Ozonation is a proven means of disinfecting bottled water in the United States and has been used safely for over 30 years and is an important measure for some bottlers as part of the bottled water industry’s multi-barrier approach, which helps assure safe, high quality bottled water products. The U.S. Food and Drug Administration (FDA), which regulates bottled water as a packaged food product, lists ozonation as Generally Recognized As Safe (GRAS) as a disinfection method for foods, including bottled water, when used in conformity with FDA regulations. Moreover, ozonation has been widely used as a disinfection method in European public water systems for nearly 70 years and has come into use in many public water systems in the United States.

The bottled water industry uses ozonation as a treatment method because of its effectiveness and safety as a disinfectant. Ozonation is capable of disinfecting water at a faster rate than chlorine and, once it passes through water, ozone undergoes a complete conversion to oxygen within a few hours. And since it leaves no residual in the container, there is no detectable taste in the water. Other commonly used disinfectants such as chlorine and iodine leave a residual taste that many consumers find objectionable. Chlorine and iodine also react with other elements in the water that may form undesirable byproducts.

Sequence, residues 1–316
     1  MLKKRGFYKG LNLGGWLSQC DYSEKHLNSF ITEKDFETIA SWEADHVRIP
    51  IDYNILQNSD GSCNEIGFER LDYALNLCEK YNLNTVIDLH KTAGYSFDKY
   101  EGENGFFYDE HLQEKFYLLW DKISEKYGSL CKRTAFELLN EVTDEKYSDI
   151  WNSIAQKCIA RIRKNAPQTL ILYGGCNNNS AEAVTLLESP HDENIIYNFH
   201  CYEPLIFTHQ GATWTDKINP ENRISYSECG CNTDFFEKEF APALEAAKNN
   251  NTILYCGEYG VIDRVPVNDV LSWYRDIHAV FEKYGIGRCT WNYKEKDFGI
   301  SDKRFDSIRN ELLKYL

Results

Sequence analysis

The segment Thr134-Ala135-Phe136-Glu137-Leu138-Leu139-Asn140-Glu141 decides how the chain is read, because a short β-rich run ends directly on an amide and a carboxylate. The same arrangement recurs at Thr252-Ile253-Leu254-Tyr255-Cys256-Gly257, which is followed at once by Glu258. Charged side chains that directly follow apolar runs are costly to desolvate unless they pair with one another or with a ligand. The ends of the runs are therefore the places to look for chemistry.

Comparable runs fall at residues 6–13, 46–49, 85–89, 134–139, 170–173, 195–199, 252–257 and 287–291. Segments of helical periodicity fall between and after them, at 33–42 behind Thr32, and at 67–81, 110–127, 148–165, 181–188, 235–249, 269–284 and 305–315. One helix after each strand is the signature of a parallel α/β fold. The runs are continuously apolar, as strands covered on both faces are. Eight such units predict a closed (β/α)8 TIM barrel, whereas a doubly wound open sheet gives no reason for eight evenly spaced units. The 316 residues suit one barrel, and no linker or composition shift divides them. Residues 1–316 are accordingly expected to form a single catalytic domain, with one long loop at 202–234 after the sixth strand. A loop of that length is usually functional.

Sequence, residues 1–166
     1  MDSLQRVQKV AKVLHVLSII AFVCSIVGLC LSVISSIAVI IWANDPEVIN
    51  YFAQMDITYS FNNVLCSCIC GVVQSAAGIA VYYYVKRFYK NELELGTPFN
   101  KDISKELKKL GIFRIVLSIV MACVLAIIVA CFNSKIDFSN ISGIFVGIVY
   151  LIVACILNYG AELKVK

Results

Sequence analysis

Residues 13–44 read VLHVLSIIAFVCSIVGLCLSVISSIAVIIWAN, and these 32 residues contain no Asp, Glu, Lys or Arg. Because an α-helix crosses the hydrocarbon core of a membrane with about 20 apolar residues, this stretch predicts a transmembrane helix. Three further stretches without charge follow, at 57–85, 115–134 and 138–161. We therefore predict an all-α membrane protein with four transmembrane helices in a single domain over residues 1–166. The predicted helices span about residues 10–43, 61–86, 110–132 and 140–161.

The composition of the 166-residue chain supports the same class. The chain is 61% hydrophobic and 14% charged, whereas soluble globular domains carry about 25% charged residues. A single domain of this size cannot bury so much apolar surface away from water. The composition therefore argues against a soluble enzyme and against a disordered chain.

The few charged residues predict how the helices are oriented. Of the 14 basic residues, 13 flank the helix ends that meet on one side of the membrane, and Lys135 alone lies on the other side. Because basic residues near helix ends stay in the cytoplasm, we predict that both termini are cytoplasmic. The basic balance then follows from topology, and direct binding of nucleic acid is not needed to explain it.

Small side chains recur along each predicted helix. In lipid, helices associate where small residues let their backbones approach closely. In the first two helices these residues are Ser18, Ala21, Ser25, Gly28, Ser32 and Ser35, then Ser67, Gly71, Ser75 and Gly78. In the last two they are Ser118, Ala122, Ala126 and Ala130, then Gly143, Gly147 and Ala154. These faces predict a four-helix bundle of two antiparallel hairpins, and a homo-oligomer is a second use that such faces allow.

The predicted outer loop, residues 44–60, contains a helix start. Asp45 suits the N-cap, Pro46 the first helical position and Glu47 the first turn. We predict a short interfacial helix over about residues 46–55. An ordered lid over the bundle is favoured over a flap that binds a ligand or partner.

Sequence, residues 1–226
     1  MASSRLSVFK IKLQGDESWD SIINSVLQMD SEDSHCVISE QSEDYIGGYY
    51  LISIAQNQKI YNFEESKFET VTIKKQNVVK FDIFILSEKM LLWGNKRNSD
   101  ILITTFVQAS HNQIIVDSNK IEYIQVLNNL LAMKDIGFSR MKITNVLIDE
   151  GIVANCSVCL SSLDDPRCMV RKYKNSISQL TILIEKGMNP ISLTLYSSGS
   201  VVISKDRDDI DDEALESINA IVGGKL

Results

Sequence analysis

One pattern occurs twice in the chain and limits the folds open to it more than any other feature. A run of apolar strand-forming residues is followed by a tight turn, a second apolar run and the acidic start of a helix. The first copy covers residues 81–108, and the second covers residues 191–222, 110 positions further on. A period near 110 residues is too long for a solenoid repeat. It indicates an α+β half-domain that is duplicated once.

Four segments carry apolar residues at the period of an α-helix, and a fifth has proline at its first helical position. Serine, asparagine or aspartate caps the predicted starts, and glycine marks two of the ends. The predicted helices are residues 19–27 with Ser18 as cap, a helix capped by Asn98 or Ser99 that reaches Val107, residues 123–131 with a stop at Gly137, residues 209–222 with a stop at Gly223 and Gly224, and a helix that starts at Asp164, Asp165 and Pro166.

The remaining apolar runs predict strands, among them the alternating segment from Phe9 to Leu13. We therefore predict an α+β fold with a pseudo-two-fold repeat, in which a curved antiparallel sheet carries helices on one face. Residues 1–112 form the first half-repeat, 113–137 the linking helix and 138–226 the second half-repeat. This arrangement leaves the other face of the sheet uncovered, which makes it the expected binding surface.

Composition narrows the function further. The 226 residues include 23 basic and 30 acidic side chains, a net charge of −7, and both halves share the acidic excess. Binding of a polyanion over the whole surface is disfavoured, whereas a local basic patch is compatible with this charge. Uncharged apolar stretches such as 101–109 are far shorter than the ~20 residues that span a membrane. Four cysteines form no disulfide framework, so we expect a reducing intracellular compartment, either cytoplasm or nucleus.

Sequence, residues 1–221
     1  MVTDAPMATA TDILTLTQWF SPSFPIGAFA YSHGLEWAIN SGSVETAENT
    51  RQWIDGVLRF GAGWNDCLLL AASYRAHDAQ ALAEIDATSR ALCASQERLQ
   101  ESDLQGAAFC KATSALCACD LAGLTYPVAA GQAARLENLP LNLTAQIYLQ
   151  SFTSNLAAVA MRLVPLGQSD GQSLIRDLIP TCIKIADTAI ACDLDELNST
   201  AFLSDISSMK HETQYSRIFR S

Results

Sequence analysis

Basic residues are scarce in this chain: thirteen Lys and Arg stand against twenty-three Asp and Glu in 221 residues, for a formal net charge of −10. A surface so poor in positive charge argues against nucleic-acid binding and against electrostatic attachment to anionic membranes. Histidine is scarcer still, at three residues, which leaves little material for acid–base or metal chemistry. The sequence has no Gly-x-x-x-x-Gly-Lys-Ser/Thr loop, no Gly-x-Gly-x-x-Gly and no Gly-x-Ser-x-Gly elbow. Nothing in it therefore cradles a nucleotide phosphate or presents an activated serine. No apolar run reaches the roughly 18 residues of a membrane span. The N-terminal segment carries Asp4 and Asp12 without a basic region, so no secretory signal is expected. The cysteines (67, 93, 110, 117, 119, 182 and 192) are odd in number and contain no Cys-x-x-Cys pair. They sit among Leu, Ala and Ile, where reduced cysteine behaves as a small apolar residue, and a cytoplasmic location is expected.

What are the health risks of water containing more than 10 ppb of bromate?

Consumers should not be alarmed about the presence of bromate in water. If the presence of bromate were an imminent health risk, EPA would not have allowed public water systems up to five years to meet the new standards. As well, FDA would have moved much more quickly to adopt a bromate standard for bottled water, had there been any immediate risk of adverse health affects. Further, both EPA and FDA have set bromate standards for public drinking water and bottled water, respectively, and the benefits of water consumption outweigh the minimal – possibly zero – risk of consuming water that adheres to the bromate and other standards.